“At their first demonstration in England, this passive attitude prevailed. As their rally met no opposition, they beat up people whose skin color they didn’t like, and declared that when they demonstrated again no opposition would be allowed. Then many of us woke up.
“European politicians are playing the race card once again. Every time fascists meet publicly we must be there. No racism in our countries!”
At the park designated for the racists, police outnumbered demonstrators as did curious bystanders. There were 12 paddy wagons blocking the possibility of anti-racists entering the area. A few, however, did manage to break through. In all, 89 people (mostly anti-racists) were arrested. Most were soon released. Five were brought to court the next day on charges of assaulting police with rocks and bottles.
Many arrested were ethnic Danes, Swedes and Norwegians. Others have backgrounds from Arabic lands. They were appalled to hear from the platform that the racists spoke of themselves as “patriots” and “freedom fighters”, and used the slogans: “Stop Islamizing Europe”, “No Muslims in our country”.
The Guardian wrote “EDL summit in Denmark humiliated by low attendance” (March 31). It quoted one Norwegian racist as saying that the mass murderer Anders Behring Breivik has “some good points. There are some people who share his thinking if not his methods.”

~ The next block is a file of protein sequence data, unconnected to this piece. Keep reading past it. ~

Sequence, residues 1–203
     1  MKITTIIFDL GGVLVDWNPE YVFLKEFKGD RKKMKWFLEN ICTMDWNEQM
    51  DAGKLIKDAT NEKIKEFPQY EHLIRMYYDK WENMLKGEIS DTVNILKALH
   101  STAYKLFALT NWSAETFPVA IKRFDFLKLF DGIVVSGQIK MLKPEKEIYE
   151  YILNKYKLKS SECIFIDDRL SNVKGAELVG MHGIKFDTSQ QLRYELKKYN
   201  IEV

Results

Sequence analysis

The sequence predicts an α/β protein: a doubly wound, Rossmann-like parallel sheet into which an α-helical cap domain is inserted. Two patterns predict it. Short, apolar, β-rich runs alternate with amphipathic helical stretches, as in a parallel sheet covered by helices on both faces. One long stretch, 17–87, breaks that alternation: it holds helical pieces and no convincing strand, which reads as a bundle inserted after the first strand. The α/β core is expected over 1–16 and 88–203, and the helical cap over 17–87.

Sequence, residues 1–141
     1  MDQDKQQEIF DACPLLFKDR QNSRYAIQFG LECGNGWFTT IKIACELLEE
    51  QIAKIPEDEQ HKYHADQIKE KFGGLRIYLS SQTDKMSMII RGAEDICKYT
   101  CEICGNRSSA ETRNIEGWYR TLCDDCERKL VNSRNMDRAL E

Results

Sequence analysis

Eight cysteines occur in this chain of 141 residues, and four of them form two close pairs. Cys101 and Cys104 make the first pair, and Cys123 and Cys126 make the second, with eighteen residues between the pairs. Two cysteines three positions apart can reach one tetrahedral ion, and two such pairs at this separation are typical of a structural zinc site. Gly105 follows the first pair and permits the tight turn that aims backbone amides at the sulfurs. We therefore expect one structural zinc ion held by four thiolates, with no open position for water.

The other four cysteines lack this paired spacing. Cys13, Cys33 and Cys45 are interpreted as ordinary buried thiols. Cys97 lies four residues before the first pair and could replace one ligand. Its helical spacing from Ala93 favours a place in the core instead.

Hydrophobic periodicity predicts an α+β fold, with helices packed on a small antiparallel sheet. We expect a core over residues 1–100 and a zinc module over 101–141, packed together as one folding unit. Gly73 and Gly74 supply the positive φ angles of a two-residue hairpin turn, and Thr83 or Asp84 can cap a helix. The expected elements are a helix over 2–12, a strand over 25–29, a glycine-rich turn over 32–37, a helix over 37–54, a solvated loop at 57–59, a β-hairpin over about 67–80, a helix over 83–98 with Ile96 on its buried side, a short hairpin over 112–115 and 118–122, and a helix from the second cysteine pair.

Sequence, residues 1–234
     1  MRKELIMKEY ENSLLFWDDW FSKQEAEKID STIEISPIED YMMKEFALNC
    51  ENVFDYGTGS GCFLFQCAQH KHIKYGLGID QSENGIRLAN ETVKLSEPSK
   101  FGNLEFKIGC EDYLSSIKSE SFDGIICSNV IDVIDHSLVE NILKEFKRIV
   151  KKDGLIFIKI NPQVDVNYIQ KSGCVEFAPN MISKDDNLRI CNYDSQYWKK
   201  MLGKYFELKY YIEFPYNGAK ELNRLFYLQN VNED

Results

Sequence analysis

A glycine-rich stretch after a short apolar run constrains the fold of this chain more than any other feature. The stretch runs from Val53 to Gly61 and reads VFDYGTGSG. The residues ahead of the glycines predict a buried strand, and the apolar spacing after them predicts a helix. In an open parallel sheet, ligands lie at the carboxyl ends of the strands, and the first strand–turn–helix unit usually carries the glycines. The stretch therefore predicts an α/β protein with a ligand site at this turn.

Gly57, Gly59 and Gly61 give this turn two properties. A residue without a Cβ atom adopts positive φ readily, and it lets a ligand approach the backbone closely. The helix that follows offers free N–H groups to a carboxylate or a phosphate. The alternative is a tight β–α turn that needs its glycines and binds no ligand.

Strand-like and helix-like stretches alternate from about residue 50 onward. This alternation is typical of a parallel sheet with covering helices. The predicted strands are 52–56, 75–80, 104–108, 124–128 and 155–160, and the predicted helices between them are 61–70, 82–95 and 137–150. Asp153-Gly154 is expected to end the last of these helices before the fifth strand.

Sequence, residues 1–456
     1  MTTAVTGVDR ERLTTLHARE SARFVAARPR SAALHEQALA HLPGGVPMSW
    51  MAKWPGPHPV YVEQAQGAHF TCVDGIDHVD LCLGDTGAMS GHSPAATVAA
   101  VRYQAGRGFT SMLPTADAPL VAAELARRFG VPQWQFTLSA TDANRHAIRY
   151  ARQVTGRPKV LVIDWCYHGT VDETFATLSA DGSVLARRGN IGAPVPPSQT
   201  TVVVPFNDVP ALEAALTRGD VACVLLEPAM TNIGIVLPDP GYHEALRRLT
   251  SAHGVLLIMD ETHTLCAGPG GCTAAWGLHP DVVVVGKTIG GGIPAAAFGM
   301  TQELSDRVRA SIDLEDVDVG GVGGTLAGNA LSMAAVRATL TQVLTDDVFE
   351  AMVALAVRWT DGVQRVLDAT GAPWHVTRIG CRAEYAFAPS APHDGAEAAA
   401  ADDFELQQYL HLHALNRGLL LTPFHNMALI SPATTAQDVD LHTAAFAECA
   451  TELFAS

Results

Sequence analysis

(Breivik murdered 77 people, most all young Social Democrats. Yet the Social Democratic party here did not endorse the march. Young Social Democrats came, however.)
The EDL was started in London in 2009. The BBC reported that Breivik participated in some demonstrations. The Danish Defence League (DDL) was started in the summer of 2010 by Gary Hoope, a member of the EDL. The DDL has posted graffiti and anti-Muhammad cartoons on Muslim mosques. Its leader, Philip Traulsen, had been charged with possession of an illegal weapon, in 2007, when he and other Nazis beat up anti-racist youths.
Although the racist gathering was a “humiliation”, there were many counter-demonstrators who wished that they had not been able to meet at all. They recalled what happened the first time that EDL attempted to form an all-Europe organization in Amsterdam, in 2010. Dutch anti-racists, including AJAX soccer fans, prevented the 60 racists who came to their city from meeting. They were forcefully beaten back out of town.
April 1, Copenhagen